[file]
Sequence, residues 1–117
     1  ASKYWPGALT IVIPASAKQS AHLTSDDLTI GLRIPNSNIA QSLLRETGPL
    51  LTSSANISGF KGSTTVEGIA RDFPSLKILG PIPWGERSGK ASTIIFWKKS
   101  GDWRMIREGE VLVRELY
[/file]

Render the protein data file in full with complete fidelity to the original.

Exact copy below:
Sequence, residues 1–117
     1  ASKYWPGALT IVIPASAKQS AHLTSDDLTI GLRIPNSNIA QSLLRETGPL
    51  LTSSANISGF KGSTTVEGIA RDFPSLKILG PIPWGERSGK ASTIIFWKKS
   101  GDWRMIREGE VLVRELY